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Organ procurement: dead interests, living needs
  1. John Harris
  1. Institute of Medicine, Law and Bioethics, School of Law, University of Manchester, Manchester M13 9PL, UK; john.m.harris@man.ac.uk

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    Cadaver organs should be automatically available

    The shortage of donor organs and tissue for transplantation constitutes an acute emergency which demands radical rethinking of our policies and radical measures. While estimates vary and are difficult to arrive at there is no doubt that the donor organ shortage costs literally hundreds of thousands of lives every year. “In the world as a whole there are an estimated 700 000 patients on dialysis . . .. In India alone 100 000 new patients present with kidney failure each year” (few if any of whom are on dialysis and only 3000 of whom will receive transplants). Almost “three million Americans suffer from congestive heart failure . . . deaths related to this condition are estimated at 250 000 each year . . . 27 000 patients die annually from liver disease . . .. In Western Europe as a whole 40 000 patients await a kidney but only . . . 10 000 kidneys”1 become available. Nobody knows how many people fail to make it onto the waiting lists and fail to register in the statistics. “As of 24th November 2002 in the United Kingdom 667 people have donated organs, 2055 people have received transplants, and 5615 people are still awaiting transplants.”2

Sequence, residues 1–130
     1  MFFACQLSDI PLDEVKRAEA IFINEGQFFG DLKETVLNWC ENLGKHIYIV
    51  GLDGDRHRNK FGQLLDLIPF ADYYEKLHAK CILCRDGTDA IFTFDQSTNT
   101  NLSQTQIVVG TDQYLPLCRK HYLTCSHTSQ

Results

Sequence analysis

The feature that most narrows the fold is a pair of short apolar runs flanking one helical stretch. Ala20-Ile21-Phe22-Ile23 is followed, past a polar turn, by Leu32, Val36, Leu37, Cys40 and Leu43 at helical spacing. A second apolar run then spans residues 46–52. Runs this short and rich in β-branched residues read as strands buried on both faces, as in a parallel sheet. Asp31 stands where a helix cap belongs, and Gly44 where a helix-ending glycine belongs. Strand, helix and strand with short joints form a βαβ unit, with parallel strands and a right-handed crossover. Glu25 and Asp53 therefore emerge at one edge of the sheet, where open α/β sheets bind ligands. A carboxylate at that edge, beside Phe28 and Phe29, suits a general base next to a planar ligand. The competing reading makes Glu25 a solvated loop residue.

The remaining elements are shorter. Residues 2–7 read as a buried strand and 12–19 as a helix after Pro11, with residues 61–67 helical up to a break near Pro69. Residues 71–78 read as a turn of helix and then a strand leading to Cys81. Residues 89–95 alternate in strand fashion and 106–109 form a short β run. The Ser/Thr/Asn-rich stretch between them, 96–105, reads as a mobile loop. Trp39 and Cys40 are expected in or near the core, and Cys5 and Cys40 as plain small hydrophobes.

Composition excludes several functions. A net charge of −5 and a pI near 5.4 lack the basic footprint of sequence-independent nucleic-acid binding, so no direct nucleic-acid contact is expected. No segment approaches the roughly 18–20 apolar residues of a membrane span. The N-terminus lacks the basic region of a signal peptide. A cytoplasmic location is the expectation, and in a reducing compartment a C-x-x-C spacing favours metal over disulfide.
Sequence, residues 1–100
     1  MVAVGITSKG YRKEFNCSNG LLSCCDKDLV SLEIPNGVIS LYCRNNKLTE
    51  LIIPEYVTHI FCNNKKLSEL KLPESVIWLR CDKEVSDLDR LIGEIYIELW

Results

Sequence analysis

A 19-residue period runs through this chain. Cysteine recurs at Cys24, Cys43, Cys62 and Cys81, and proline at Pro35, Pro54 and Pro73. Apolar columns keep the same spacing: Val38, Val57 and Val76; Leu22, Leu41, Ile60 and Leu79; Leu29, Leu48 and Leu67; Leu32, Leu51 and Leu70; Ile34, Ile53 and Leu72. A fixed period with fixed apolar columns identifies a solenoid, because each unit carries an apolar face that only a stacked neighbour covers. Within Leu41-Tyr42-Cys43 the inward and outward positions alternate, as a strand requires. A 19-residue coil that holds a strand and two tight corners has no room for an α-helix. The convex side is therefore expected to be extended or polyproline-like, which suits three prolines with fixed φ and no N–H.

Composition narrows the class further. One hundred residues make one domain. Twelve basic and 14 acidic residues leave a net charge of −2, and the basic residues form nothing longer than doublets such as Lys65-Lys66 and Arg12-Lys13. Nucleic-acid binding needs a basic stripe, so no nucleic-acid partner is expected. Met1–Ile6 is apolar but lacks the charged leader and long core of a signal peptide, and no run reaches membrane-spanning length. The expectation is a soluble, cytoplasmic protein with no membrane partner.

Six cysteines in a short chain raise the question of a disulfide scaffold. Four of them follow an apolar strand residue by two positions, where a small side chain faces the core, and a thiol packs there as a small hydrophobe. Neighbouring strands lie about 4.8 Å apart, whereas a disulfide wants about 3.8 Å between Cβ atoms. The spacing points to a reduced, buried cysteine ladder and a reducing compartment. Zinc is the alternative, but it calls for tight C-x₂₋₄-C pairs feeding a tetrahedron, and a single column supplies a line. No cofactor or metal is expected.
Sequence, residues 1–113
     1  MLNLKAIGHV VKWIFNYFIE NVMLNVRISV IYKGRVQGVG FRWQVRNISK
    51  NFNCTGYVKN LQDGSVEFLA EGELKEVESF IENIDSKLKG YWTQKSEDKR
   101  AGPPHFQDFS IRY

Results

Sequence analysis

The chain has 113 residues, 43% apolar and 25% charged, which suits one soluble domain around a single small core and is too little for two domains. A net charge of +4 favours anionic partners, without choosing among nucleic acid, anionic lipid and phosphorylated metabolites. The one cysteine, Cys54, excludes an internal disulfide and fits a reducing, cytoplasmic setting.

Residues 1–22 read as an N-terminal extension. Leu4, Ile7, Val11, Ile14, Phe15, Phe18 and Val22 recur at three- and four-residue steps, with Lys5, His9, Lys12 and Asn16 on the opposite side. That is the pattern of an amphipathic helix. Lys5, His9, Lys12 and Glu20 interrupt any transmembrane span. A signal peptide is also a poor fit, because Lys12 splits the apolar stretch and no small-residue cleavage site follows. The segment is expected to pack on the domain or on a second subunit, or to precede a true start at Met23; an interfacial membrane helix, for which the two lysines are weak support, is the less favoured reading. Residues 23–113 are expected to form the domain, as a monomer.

Conscious of the terrible and unnecessary tragedy that figures like these represent I have been advocating for more than 20 years now some radical measures to stem this appalling waste of human life. The measure which is the subject of Hamer and Rivlin’s paper (p 196)3 concerns the automatic availability of all cadaver organs—a measure, which I first advocated publicly in 1983.4

    THE AUTOMATIC AVAILABILITY OF DONOR ORGANS

    We need to begin by being clear about just what it is I propose and why. At the moment in the United Kingdom we …

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